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I'm receiving a BSOD on a clean install of Windows 7. The install is booting from a DVD, but when it starts up Windows it dies with a BSOD. I've disabled any "potential" items from the bios and upgraded the bios.

Machine is a Shuttle SX38P2 PRO, Intel Quad Core, 8 gigs of memory, Nvidia 9800 GT

Any ideas on how to get around this problem?

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closed as off topic by Kara Marfia Jun 5 '09 at 15:53

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As found on Technet:

Manually install the Standard PC hardware abstraction layer (HAL):

  1. Reboot the computer to restart Setup.
  2. When Setup starts again, press F7 when you see the "Press F6 if you need to install a third-party SCSI or RAID driver" screen.

Windows automatically disables the installation of the ACPI HAL and installs the Standard PC HAL. You should also contact the manufacturer of your computer to obtain a BIOS that is fully ACPI compliant.

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I would try that, but it fails before the "Press F6 ..." prompt. – Overloaded Constructor Jun 2 '09 at 23:31

Can you boot in vga mode? if so - try a less capable video card? I had issues after installing Vista on an nVidia machine. After rebuilding it a couple of times, I discovered that it was a known problem, and there was an updated nVidia driver (the 'even more recent' one on windows update was no good)

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I didn't see any options in the bios to boot to VGA mode, and since it is pcix, I don't have any other video cards. – Overloaded Constructor Jun 2 '09 at 23:31
VGA Boot is triggered by pressing f8 immediately after the BIOS POST. It should give you a menu of safe mode, safe mode with networking, safe mode with command prompt, last known good, logging and VGA mode options. – Iain Jun 3 '09 at 11:32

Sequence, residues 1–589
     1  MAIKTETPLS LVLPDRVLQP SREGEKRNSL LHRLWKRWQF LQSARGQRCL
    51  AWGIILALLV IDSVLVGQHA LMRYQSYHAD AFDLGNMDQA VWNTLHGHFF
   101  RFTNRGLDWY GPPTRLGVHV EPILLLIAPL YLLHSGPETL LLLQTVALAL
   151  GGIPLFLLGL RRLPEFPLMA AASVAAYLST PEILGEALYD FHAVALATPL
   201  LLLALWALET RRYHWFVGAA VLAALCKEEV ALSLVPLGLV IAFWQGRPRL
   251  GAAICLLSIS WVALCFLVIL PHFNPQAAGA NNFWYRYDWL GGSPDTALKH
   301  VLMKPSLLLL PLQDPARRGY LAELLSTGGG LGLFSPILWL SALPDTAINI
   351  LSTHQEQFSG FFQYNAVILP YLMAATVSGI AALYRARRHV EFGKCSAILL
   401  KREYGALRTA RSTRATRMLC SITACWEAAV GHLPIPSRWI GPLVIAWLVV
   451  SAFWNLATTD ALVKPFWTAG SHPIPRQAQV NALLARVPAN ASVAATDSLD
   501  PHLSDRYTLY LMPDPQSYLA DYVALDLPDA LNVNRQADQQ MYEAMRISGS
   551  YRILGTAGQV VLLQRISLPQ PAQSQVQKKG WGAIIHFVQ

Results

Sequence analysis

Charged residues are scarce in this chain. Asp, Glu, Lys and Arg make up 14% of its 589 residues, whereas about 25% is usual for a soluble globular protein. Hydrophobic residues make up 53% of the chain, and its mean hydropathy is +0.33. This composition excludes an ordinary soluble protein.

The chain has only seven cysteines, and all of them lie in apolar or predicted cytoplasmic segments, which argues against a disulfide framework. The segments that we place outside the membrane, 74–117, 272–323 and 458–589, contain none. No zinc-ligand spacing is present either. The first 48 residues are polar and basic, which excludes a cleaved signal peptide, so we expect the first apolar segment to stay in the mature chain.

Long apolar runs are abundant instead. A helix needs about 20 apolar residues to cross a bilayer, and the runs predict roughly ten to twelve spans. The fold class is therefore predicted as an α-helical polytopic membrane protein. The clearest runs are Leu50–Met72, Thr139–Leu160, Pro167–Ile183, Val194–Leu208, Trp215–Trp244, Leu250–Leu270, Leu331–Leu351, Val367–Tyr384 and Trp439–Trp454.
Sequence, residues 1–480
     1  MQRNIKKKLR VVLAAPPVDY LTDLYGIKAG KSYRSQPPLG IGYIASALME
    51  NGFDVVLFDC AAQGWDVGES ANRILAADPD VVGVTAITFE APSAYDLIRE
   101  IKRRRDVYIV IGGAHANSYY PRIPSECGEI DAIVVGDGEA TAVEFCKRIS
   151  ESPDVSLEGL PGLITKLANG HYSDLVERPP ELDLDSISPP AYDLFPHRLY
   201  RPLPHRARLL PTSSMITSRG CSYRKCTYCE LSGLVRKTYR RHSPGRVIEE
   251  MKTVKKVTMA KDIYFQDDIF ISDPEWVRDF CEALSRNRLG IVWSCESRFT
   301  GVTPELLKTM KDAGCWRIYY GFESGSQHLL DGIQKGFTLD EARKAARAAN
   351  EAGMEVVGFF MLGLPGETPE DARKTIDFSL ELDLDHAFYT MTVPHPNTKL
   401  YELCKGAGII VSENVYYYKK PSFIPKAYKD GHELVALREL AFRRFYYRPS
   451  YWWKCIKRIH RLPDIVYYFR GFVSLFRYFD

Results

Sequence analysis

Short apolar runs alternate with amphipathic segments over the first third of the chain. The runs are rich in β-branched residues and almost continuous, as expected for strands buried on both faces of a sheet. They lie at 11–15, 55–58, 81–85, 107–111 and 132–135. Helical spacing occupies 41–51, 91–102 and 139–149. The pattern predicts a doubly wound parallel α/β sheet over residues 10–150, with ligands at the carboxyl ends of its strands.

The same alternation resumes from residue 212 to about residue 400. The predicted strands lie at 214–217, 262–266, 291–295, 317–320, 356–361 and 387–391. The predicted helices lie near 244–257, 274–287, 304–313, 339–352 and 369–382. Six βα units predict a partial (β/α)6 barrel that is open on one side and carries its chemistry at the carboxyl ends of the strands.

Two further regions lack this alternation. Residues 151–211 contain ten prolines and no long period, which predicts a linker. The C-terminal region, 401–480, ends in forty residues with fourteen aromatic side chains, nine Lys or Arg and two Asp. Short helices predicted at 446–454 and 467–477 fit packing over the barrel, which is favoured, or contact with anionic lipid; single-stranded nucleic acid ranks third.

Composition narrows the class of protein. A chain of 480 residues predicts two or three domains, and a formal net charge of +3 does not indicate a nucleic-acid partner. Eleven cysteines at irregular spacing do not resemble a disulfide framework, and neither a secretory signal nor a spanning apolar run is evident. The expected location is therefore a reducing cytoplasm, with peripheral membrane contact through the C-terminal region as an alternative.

Do you have more than on CD/DVD drive? Are you installing on the first hard drive, or first parition?

i've seen Windows (XP) BSOD during gui install portion because the drive letters get mangled after first reboot when devices get switched around and it loses where everything is.

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I only have single unformatted HD and the CD/DVD in the machine. – Overloaded Constructor Jun 2 '09 at 23:32

What is the blue-screen error code? There are many reasons for Windows to generate a blue screen, and troubleshooting is easier when you know which one it is.

Given Windows 7 is currently only available as an ISO, is it possible that you have a bad burn? I had a problem with Virtual PC on Windows 2000 several years ago, where it would crash if the VPC network services driver was enabled. Windows XP on another computer would simply not be able to use the network. I discovered that the driver was actually bad on the disc, the checksum not matching.

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I verified the burn and it appears correct. I'll try a new one just in case the verifcation is wrong. – Overloaded Constructor Jun 2 '09 at 23:33
up vote 0 down vote accepted

OK, so the solution was resolved by swapping out the DVD. Do not know why it was bad, since it worked fine in another machine.

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